Every day, the tea sellers search for their missing comrades. They trudge to hospitals, morgues and police stations, hunting for clues to the fate of the six women who disappeared when Sudan’s security forces launched a deadly assault on a pro-democracy protest camp last month.
When a body was found floating in the Nile, they thought it might be one of the missing tea sellers. It was not. The search continued.
The tea women, who number in the thousands on Khartoum’s busy commercial streets, have always been one of the most vulnerable groups in the city. They are often harassed and punished by police, even though they earn only two or three dollars a day for brewing glasses of sweet, fragrant tea at their tiny stalls on the dusty margins of the streets.
But when they decided to support the street protests against Sudan’s military rulers this year, they were exposed to greater dangers than ever before – and some may have paid with their lives.
For six weeks, the tea sellers had volunteered to run the biggest kitchen at Khartoum’s main protest camp. Every day they prepared meals in 31 huge cooking pots, providing more than 1,000 plates of food and 5,000 pieces of bread for the thousands of protesters.
When the police and paramilitary forces launched a brutal attack on the protest camp in the predawn hours on June 3, the women faced the same gunfire that killed more than 100 of the protesters.
For decades, under Sudan’s authoritarian regimes, the tea sellers have endured harsh treatment from security forces. Many of the vendors are migrants, and most are so impoverished that they do not even own their tea glasses or food equipment. (They usually pay a rental fee to the owners.) The police see them as an embarrassment, a sign of the country’s growing poverty and disorder.
“They never left us in peace,” said Awadeya Mahmoud Koko, leader of a co-operative that represents about 27,000 tea vendors and other food workers in the Khartoum area. “They confiscate our belongings and take them to the police station, they make us pay a fine and then a week later they do it again. It’s because we’re not socially acceptable. They don’t want to see us on the streets.”
Ms. Koko, a 56-year-old migrant from the South Kordofan region, became a tea seller in Khartoum in 1986. Four years later, she formed a co-operative of tea and food sellers, aiming to provide legal aid and other assistance to those who were arrested. And she became an activist herself, willing to confront the government on a range of issues.
In 2006, after incurring debts that she could not pay, she was imprisoned under laws that allow Sudan to jail debtors. She spent four years in prison. When she was released, she continued to agitate for the rights of the tea sellers, while working on programs to provide vocational skills for their children.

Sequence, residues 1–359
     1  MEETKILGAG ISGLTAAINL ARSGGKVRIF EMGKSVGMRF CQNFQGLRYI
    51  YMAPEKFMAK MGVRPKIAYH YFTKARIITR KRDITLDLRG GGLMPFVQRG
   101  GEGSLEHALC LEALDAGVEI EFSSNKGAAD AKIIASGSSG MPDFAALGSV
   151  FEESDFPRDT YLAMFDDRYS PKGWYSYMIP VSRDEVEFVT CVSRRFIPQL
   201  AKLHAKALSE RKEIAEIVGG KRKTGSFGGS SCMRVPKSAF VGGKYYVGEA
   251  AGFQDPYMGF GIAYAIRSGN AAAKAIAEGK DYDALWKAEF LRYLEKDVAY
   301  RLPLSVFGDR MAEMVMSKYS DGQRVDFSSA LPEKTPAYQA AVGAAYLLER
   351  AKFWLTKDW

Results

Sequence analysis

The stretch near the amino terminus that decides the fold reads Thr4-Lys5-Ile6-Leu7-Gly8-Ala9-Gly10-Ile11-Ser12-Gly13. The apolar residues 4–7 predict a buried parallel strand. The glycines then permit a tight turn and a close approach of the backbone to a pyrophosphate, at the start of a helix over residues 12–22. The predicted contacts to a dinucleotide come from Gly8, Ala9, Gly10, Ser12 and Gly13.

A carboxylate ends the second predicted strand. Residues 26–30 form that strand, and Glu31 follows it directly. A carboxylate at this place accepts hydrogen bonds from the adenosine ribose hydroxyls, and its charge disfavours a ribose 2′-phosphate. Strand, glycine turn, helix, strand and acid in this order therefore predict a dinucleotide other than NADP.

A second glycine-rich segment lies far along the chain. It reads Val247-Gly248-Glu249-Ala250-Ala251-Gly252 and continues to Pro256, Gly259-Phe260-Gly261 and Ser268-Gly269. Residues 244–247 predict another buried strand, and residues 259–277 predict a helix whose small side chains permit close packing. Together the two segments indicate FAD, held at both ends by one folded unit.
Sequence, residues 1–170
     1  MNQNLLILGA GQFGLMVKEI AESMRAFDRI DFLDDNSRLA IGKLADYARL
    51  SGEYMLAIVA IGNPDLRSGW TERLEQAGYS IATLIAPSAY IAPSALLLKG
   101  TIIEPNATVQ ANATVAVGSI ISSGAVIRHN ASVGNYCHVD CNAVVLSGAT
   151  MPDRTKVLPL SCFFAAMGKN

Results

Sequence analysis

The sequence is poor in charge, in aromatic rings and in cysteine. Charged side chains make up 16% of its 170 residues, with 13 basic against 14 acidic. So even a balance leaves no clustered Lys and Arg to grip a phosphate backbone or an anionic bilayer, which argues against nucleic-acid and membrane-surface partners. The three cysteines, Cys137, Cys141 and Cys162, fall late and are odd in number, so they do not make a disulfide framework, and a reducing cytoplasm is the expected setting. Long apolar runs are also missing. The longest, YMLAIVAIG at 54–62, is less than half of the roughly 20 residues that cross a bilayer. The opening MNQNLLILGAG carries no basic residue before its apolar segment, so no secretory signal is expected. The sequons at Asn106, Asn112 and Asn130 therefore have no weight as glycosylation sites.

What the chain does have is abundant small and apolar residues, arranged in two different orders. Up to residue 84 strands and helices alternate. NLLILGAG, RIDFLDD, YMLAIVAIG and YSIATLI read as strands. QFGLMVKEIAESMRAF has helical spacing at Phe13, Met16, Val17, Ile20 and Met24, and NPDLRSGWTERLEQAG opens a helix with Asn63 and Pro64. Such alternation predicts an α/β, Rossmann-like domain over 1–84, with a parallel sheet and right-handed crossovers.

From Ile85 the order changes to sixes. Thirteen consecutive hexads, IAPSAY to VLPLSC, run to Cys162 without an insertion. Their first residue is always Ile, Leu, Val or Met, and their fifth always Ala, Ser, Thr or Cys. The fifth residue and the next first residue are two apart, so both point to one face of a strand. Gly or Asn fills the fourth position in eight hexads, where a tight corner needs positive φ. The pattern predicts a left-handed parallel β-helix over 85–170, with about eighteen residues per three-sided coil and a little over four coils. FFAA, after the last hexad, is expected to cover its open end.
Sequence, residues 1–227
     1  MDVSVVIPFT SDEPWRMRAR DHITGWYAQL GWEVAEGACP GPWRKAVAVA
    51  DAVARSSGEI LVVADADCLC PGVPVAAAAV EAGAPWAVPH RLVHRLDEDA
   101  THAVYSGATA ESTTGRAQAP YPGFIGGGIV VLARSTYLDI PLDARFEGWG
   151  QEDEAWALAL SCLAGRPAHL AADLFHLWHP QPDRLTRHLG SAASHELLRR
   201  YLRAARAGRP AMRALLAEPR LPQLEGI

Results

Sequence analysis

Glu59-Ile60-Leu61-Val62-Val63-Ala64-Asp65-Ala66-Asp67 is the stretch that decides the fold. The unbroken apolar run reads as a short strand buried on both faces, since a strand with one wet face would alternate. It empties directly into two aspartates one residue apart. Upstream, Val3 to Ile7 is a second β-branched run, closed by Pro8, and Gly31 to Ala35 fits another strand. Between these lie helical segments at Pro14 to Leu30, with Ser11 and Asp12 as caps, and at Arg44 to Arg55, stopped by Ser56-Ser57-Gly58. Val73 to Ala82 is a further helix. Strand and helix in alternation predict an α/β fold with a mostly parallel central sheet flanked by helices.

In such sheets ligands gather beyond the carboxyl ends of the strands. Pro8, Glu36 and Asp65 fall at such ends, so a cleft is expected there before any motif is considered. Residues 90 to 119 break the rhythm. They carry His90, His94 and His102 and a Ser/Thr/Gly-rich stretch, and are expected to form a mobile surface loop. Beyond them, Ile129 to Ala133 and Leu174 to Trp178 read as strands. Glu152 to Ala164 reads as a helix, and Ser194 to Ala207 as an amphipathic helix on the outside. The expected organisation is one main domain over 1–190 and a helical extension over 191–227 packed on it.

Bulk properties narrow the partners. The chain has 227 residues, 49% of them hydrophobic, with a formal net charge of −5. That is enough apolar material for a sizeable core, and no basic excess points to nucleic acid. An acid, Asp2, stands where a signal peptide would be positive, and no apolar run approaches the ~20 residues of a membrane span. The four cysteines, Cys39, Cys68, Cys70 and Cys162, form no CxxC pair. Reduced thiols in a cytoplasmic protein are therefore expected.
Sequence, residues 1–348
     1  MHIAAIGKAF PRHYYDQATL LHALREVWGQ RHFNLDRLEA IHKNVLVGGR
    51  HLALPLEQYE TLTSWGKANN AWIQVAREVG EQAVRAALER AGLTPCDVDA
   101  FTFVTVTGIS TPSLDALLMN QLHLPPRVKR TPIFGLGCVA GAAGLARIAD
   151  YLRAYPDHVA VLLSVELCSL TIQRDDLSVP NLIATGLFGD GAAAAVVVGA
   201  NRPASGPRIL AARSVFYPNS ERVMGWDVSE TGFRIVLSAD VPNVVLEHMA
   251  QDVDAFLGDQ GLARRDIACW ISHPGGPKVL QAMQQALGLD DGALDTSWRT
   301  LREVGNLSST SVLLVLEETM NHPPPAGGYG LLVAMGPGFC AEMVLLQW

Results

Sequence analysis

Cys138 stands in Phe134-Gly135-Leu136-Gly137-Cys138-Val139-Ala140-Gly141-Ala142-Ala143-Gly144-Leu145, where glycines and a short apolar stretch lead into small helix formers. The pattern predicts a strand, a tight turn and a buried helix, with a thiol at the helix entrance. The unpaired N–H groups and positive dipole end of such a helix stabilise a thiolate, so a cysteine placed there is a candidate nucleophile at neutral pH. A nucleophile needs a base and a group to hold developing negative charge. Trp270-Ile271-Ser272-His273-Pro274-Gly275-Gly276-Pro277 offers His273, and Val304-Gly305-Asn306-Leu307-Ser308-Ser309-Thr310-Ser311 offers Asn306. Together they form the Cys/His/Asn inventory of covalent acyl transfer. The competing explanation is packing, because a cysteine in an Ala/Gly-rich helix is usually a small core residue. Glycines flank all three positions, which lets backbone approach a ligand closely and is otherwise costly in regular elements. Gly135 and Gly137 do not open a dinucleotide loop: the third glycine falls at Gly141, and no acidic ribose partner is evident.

Under the 30-year rule of President Omar al-Bashir, the country slid into economic collapse and political repression, and a wave of street protests began last December.
In April, after four months of marches, the protesters achieved a remarkable victory: forcing the ouster of Mr. al-Bashir.
The massive demonstrations triggered such political unrest that it led to a military coup and the president’s arrest.
The protesters, demanding a civilian government, vowed to continue their round-the-clock camp outside the headquarters of Sudan’s armed forces. And the tea sellers decided to help them, bringing a daily supply of tea, coffee and food.
“The people at the sit-in were like our children,” Ms. Koko told The Globe and Mail in an interview. “We had suffered severely under the last regime, and we had hopes for change.”
The protest camp was putting huge pressure on Sudan’s new military regime, and there were growing signs of a looming attack, but the protesters were determined to stay. Then, in the darkness of the early morning hours on June 3, the police and paramilitary forces launched a massive assault with guns, tear gas and wooden clubs.
Accounts from witnesses are horrific. Protesters tried to form a human shield around their camp, but they were gunned down, and the rest fled. “It was a stampede,” said Saif Ahmed, a 24-year-old protester who heard bullets flying past him. One protester told him: “Now our revolution begins.” Moments later, the man was shot and fell to the ground. “Ten thousand people were running,” Mr. Ahmed said. “You were stepping over other people. I kept looking back and seeing people falling. I felt numb. I had given up. I was saying my prayers as I ran.”
He managed to escape, but many did not. Some protesters were rounded up and marched toward the Nile, where dozens of bodies were later found. Many women, including tea sellers, were beaten or raped. More than 100 people were killed and more than 700 were injured.
Ms. Koko had left the protest camp at about 3:30 a.m. that night, just shortly before the assault began. “I was lucky I made it out,” she said. When she returned to the site later, she discovered that the security forces had burned the protest camp to the ground. Her volunteer kitchen was gone. “I lost everything,” she said. “Everything was stolen from us, down to the last spoon.”
The fate of the six missing tea sellers is still unknown. “Their families are still hoping that they’re alive,” Ms. Koko said. “They don’t want to believe they’re dead.”
Khartoum’s tea sellers have always been vulnerable to attack, she said. “But it was never this bad.”
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